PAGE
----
Comments to the FTC:
Google Buzz Proposed Consent Order


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Copyright © 2011-2014
Privacy Rights Clearinghouse
Posted May 24, 2011

Before the Federal Trade Commission


In the Matter of Google Inc.

File No. 102 3136

Comments of Privacy Rights Clearinghouse

Submitted May 2, 2011

 

The Privacy Rights Clearinghouse (PRC) respectfully submits the following comments to the Federal Trade Commission (Commission) regarding the proposed consent order between Google and the FTC In the matter of Google Inc., File No. 1023136. [1] 

The PRC is a non-profit consumer privacy organization engaging in consumer education and advocacy. Over the course of our 19-year history, PRC staff members have worked directly with tens of thousands of consumers concerned about their privacy.  Our comments regarding the proposed consent order reflect, in large part, our observations based on direct communication with individual consumers.

The Commission filed a complaint against Google alleging a violation of the FTC Act concerning its rollout of the Google Buzz social networking service.  According to the complaint, Google violated the FTC act by engaging in deceptive acts or practices when it represented “that it used, and would use, information from consumers signing up for Gmail only for the purpose of providing them with a web-based email service”[2] and instead used the information to populate a new social network. Google also failed to disclose to consumers what information would be public by default, and allegedly deceived consumers as to their ability to decline enrollment in Buzz. The complaint also alleged that Google misrepresented its compliance with the U.S.-EU Safe Harbor Framework when it in fact did not adhere to the privacy principles of Notice and Choice.[3]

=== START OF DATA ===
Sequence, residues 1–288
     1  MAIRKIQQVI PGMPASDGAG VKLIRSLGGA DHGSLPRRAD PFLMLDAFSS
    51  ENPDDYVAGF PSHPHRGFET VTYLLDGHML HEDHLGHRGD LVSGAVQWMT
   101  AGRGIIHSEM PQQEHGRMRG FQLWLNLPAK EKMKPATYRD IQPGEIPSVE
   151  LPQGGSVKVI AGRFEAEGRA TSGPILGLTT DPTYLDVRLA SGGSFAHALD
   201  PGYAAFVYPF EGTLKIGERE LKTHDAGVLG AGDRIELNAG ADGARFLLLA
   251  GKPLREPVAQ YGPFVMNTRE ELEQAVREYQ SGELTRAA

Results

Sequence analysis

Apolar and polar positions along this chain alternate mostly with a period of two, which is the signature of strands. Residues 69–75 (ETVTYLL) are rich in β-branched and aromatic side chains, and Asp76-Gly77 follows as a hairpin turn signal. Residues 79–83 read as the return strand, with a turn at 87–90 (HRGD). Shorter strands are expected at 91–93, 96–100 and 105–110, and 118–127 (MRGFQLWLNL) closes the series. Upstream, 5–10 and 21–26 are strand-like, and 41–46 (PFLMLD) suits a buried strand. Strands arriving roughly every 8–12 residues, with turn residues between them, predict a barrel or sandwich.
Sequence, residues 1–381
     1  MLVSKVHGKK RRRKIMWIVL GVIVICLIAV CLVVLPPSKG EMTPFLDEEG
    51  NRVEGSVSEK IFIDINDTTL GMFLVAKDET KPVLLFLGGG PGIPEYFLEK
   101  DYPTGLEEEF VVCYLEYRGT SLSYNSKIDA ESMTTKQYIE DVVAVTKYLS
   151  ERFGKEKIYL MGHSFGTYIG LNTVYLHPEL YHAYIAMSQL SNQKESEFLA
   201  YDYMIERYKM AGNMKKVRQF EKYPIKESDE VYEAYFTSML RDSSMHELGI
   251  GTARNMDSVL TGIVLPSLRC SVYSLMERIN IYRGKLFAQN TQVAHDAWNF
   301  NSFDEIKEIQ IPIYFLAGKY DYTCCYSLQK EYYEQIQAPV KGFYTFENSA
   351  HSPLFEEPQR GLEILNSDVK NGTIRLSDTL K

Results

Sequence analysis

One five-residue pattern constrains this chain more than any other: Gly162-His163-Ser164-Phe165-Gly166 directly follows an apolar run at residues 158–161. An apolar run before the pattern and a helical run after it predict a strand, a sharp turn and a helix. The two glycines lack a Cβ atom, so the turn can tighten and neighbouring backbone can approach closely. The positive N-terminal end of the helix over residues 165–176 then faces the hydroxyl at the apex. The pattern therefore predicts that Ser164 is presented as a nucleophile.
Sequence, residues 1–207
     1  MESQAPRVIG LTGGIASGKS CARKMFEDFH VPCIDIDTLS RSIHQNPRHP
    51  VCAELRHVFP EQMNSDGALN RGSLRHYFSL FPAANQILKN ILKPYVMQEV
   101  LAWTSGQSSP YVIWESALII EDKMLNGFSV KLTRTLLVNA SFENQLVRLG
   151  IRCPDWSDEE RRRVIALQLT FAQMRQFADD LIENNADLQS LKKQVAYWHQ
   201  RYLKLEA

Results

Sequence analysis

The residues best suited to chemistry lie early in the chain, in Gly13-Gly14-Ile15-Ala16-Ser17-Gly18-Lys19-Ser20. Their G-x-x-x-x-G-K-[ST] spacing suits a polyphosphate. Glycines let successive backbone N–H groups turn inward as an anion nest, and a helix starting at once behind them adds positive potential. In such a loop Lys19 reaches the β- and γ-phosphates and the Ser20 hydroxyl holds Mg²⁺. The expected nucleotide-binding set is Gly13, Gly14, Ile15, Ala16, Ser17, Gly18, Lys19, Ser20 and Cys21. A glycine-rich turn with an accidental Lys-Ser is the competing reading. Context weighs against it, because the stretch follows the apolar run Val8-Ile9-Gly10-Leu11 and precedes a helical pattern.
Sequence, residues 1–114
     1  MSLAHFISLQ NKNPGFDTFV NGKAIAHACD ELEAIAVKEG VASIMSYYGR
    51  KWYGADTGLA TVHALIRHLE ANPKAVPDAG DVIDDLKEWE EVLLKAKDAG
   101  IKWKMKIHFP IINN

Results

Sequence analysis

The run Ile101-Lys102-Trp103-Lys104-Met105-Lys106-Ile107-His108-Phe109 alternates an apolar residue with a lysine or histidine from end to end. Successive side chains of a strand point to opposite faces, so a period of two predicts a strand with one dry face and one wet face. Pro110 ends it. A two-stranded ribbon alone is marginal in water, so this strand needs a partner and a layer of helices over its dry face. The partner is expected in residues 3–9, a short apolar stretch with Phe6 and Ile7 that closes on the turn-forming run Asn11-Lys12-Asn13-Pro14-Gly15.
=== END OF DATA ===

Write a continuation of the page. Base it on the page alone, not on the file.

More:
The PRC supports the Commission’s proposed consent order, and we hope to see it finalized in a manner that imposes clearer privacy requirements on Google and creates meaningful privacy protections for Google users.  Given the extensive scope of Google’s products and services, and the fact that the agreement applies to them all, this proposed order arguably has the potential to expand privacy protections for most Internet users.

“Express affirmative consent” should be defined within the consent order and should extend beyond third parties

Part II of the settlement requires Google to obtain express affirmative consent prior to sharing user information with any third party.[4]  As a consumer privacy organization, we advocate for consumer control over personal data, and believe that this portion of the settlement may hold the most potential for concerned Google users.  However, the settlement’s failure to define “express affirmative consent” may do little to improve consumer choice.  For example, this could potentially come in the form of Google using pre-checked boxes so that the “express affirmative consent” is effectively an opt-out rather than an opt-in. We therefore encourage the Commission to adopt a definition of “express affirmative consent” in the finalized consent order that will require Google to provide users with clear, understandable, and meaningful choice in sharing information with third parties.